"Synthetic marijuana, so named because it contains synthetic versions of some of the cannabinoids found in marijuana, is a recent and important addition to the smorgasbord of drugs available to young people in the US. These designer chemicals are sprayed onto herbal materials that are then sold in small packets under such brand names as Spice and K-2. They have been readily available as over-the-counter drugs on the Internet and in venues like head shops and gas stations.
New Psychoactive Substances (NPS)
New or novel psychoactive substances and "legal highs," including synthetic cannabinoids, mephedrone, ketamine, and more
"According to the Crime Survey for England and Wales,238 over the period 2014-2015, 279,000 adults (0.9 per cent of the population aged 16-59) reported the use of NPS. Among young adults (ages 16-24), the prevalence of NPS use was much higher (2.8 per cent), the majority of the users being young men. Herbal smoking mixtures were the most commonly used form of NPS, with 61 per cent of the population aged 16-59 reporting their use.
"Between 2008 and 2015, a total of 644 NPS had been reported by 102 countries and territories to the UNODC early warning advisory on NPS. The emergence of NPS was reported for the first time in 2015 in Kyrgyzstan and Mauritius. In 2015, the early warning advisory also registered the emergence of NPS in previous years in Belarus, Serbia, South Africa and Tajikistan. The majority of countries and territories that reported the emergence of NPS up to December 2015 were from Europe (41), followed by Asia (30), Africa (16), the Americas (13) and Oceania (2).
"In the operating guidelines on the early warning system, EMCDDA [European Monitoring Centre on Drugs and Drug Addiction] made it explicit that 'the term ‘new’ did not refer to newly invented, but rather ‘newly misused’' substances as 'most of the drugs in question were first created many years ago.'20 In fact, investigations into the potential use of piperazines as anthelmintic have been reported in scientific literature since the early 1950s.21 Yet they only started to emerge as a health problem in several countries in the decade 2001-2010.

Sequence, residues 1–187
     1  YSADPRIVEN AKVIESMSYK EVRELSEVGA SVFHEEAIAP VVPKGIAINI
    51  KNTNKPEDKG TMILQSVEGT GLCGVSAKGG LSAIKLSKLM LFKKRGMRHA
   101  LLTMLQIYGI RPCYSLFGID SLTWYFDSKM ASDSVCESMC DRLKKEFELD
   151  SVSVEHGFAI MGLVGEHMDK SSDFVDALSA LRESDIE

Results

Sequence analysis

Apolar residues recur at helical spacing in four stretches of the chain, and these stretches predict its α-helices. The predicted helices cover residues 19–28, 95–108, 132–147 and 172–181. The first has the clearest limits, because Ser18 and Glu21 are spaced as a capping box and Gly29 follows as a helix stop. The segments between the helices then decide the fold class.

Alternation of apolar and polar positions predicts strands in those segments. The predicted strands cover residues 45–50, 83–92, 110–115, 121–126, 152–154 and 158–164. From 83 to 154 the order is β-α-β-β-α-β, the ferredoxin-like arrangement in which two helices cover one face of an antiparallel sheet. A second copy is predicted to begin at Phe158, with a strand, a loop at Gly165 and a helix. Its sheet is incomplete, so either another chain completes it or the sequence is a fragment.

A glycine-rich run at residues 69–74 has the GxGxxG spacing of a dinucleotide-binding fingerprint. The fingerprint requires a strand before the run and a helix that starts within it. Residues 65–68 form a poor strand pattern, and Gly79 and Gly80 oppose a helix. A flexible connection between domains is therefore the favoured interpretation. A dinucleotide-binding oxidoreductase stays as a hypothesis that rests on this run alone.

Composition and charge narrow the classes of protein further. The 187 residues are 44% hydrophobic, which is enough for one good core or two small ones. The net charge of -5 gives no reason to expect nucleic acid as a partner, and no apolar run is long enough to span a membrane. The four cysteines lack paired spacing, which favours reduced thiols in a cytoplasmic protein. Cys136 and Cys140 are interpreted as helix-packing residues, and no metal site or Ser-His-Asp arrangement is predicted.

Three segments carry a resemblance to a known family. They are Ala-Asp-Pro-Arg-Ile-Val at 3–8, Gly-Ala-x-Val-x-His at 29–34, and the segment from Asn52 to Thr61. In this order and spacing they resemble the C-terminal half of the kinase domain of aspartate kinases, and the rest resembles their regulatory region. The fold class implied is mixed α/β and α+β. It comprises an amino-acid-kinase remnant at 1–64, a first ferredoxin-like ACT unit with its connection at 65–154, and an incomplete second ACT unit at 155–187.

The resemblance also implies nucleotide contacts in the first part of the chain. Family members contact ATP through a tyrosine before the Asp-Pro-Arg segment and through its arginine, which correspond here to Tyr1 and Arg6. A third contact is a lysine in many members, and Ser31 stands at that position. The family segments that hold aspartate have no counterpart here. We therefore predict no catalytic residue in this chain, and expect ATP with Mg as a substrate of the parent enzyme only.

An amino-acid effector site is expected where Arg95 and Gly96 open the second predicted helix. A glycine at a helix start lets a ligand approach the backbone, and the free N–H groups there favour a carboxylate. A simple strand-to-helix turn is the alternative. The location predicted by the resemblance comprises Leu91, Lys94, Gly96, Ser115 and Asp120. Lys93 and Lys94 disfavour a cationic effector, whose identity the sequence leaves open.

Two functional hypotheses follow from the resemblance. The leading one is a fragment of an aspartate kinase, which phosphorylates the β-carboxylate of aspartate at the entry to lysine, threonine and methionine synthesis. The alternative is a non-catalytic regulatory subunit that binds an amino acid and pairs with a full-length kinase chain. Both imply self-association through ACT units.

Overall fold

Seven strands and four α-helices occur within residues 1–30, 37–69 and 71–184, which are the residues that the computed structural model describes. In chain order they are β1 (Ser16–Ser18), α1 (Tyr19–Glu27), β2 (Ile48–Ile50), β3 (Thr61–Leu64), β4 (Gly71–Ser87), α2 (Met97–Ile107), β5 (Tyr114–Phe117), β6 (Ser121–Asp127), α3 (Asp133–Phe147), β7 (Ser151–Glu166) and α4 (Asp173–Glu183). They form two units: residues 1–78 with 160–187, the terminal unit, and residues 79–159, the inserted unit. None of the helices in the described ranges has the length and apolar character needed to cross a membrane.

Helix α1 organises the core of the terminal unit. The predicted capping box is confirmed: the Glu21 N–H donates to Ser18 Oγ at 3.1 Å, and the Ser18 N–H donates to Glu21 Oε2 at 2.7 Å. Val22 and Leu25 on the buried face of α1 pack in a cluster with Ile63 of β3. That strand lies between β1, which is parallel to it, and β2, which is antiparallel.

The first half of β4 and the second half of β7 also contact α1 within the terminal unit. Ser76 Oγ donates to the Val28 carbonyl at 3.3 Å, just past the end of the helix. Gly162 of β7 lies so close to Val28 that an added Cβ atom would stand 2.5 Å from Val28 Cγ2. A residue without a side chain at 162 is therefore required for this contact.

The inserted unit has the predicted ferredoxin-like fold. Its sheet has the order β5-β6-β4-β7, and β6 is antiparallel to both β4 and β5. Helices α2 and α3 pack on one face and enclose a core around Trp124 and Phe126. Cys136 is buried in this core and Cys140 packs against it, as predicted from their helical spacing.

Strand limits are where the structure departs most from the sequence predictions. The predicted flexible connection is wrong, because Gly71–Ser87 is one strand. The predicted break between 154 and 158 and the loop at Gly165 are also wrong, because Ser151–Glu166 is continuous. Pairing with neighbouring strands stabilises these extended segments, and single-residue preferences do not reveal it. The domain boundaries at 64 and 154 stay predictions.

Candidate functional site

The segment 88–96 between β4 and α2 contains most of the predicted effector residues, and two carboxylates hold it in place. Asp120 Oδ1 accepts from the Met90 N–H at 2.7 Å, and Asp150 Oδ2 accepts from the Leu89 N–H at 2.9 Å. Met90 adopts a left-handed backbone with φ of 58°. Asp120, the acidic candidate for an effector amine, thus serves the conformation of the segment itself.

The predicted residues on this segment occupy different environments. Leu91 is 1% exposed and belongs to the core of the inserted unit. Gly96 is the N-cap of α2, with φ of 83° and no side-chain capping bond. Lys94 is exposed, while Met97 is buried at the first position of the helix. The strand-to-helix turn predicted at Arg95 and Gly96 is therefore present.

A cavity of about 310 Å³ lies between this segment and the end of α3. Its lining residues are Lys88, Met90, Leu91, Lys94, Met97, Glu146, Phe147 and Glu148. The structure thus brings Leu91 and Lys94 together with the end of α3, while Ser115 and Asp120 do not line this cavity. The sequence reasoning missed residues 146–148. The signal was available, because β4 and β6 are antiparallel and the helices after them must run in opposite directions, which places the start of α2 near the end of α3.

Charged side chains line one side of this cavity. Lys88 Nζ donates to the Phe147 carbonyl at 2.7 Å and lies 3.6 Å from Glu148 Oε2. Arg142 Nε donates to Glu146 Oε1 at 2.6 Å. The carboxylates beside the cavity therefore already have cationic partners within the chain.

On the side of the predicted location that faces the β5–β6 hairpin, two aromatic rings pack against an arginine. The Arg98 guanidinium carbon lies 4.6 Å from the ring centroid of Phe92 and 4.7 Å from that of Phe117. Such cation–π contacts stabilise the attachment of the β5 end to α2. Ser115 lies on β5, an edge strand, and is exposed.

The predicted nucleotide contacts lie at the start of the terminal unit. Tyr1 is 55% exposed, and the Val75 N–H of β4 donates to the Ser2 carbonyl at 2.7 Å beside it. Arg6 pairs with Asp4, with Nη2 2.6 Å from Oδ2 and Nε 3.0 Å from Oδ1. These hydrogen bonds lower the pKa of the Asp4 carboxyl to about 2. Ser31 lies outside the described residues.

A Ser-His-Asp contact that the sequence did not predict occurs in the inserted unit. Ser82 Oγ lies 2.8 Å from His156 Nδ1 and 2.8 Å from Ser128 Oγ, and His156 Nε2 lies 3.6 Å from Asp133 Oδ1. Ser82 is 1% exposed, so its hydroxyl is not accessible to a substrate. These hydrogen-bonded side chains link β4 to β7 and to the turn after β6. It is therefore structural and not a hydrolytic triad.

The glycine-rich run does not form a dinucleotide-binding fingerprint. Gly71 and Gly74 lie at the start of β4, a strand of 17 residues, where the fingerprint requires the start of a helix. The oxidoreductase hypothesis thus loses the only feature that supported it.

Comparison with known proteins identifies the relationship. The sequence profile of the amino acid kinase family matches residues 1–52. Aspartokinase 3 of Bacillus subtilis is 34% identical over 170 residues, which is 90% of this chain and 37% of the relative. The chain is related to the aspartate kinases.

"To better serve policymaking at the regional and international levels, the term “new psychoactive substances” or NPS was coined. The Commission on Narcotic Drugs introduced this term at the international level in its resolution 55/1 of 16 March 2012.
"The creation of new substances to exploit loopholes in drug control legislation has been a problem since the international drug control system was first established. The proliferation of such substances in recent decades was influenced by the work done by Ann and Alexander Shulgin on phenethylamines8 and tryptamines9 in the 1960s and the 1970s. The Shulgins reported over 230 psychoactive compounds that they had synthesized and evaluated for their psychedelic and entactogenic potential.
Prevalence of Use of Salvia Divinorum Among Young People in the US: "Annual prevalence of this drug has been in a steady decline, and in 2015 levels were only 0.7%, 1.2%, and 1.9% among 8th, 10th, and 12th graders, respectively."
"MTF first addressed the use of synthetic marijuana in its 2011 survey, by asking 12th graders about their use in the prior 12 months (which would have covered a considerable period of time prior to the drugs being scheduled). Annual prevalence was found to be 11.4%, making synthetic marijuana the second most widely used class of illicit drug after marijuana among 12th graders.
State Bans on Synthetic Cannabinoids: "At this time, forty-six (46) states and the federal government have scheduled one or more synthetic cannabinoids by statute or regulation and twenty-nine (29) states have some form of the generic language. Of the four states that have not scheduled one or more of the synthetic cannabinoids, Louisiana and Nebraska include the generic language. The only two states that have not yet scheduled any of the synthetic cannabinoids or the generic language are Maryland and Rhode Island.
Limits on Research: "There is shared concern among researchers that adding these substances to Schedule I could hinder medical research. As previously mentioned, Professor Huffman did not intend for K2 to be consumed by humans.